Cal Women’s Field Hockey Team Gets a Field of Their Own
On this year’s National Girls and Women in Sports Day, we celebrate the important role that sports can play in young women’s lives. Participation in team sports not only teaches invaluable life lessons, it also opens up educational opportunities. And no law is more important to ensuring that those opportunities are equally available to all, regardless of sex, than Title IX of the Education Amendments of 1972, the federal law that prohibits sex discrimination in schools, including athletics.
While it’s been a banner year for girls and women in sports – the U.S. Women’s National Soccer Team won the World Cup, Serena Williams was named Sportsperson of the Year, Kathryn Smith became the first woman full-time NFL coach, and more – there is still work to be done to ensure that young women across the country have the opportunity to experience and benefit from sports participation.
For the past two years, ERA has been honored to represent members of the University of California at Berkeley Women’s Field Hockey team in their pursuit of equitable treatment. In 2014, UC Berkeley revoked the team’s on-campus practice and competition field privileges to construct a practice field for men’s football and lacrosse. Promises to quickly provide them with a new on-campus field were delayed and broken. This forced the top-ranked team to make 3-hour round-trip drives to Stanford for all practices and competitions in the 2014 season. They continued to travel for practice and competition every week in the Spring and Fall of 2015, logging dozens of hours and many hundreds of miles on a bus when they could have been studying or engaged in other campus activities.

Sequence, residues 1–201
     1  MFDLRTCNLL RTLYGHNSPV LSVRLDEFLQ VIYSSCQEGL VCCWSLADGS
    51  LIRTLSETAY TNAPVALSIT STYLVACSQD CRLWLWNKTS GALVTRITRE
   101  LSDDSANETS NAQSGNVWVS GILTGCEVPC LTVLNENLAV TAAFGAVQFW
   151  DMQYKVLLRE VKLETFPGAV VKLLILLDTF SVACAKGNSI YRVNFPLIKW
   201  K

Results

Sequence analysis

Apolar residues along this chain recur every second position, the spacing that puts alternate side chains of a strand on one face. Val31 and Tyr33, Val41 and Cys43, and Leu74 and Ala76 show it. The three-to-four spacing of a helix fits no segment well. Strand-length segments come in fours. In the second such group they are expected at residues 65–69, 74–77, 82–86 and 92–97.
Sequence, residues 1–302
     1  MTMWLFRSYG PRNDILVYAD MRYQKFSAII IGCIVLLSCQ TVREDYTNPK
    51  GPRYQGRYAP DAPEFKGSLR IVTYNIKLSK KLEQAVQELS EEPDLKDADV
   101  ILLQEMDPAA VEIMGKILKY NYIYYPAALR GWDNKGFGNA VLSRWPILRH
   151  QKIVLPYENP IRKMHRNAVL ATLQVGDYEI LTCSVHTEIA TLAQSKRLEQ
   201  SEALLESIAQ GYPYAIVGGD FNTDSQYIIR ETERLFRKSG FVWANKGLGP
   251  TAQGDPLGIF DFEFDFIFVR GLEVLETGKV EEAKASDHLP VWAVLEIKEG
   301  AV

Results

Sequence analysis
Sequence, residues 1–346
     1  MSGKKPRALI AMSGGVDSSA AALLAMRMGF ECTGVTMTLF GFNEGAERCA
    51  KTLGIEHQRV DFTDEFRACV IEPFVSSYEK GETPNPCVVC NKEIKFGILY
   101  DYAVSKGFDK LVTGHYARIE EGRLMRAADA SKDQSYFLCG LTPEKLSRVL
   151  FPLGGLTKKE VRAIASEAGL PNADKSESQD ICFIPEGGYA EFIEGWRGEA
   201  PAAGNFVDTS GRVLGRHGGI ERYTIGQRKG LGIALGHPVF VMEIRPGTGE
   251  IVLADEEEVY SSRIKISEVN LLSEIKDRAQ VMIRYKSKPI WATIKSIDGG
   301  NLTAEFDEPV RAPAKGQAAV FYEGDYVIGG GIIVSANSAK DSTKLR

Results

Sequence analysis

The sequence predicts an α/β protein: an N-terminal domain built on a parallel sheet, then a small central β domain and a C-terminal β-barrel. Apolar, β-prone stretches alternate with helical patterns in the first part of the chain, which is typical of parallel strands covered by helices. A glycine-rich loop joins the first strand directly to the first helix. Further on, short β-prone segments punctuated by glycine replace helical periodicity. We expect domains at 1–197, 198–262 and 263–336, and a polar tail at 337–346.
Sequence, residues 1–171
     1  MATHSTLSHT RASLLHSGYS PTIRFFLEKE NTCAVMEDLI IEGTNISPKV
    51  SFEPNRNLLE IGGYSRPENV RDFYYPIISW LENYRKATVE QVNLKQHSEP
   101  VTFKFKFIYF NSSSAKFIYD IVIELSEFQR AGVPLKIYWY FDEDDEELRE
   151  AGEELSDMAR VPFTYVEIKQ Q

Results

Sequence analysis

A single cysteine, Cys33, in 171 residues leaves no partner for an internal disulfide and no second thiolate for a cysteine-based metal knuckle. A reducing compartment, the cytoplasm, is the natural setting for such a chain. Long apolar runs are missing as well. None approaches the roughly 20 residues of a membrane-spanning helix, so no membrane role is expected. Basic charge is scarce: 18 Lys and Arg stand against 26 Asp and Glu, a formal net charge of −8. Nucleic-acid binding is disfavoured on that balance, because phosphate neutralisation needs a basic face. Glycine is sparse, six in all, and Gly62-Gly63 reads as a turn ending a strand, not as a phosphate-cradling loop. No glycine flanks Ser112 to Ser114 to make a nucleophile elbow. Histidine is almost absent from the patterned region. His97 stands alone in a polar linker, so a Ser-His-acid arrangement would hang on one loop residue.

The members of the team felt betrayed by their university, which promises student-athletes the chance to compete at the highest levels and access to “first-rate facilities” to help ensure their success. When players came to ERA for help, we concluded that UC Berkeley’s failure to make good on those promises for Women’s Field Hockey not only caused hardship for the team on the field and off; it violated Title IX.
After ERA filed a complaint with the U.S. Department of Education Office of Civil Rights on behalf of the players, the University agreed to sit down and talk. Today, after months of negotiations, we are proud to announce that the women will begin practicing on their new, on-campus field on February 17th. As part of the settlement reached with the University, the women will have ongoing input as the remaining on-campus facilities are completed in time for competition this fall. ERA’s clients also will receive monetary relief for the academic harm they suffered as a result of not having on-campus facilities.
This is an important step for the University in fulfilling its promise to these women — and the entire community — to uphold their duty under Title IX to provide equal access to education, including sports.
We can’t wait to see what great moments this year will bring for women and girls in sports, and what the UC Berkeley Women’s Field Hockey team will accomplish in their 2016 season.
Learn more about our work representing and advocating for young women at school and in sports through our Strong Girls Initiative.
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